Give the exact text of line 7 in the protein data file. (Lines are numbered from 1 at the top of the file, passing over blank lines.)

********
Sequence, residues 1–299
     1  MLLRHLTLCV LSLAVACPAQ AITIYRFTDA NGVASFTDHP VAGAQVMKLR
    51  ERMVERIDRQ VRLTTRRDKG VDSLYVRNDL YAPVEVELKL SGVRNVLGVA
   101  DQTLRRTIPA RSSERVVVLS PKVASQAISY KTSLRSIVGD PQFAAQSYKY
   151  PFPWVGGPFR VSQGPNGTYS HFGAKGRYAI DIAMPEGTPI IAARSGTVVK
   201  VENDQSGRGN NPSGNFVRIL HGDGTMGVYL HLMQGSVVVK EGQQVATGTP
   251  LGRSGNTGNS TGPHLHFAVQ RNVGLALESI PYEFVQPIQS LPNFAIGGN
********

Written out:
   251  LGRSGNTGNS TGPHLHFAVQ RNVGLALESI PYEFVQPIQS LPNFAIGGN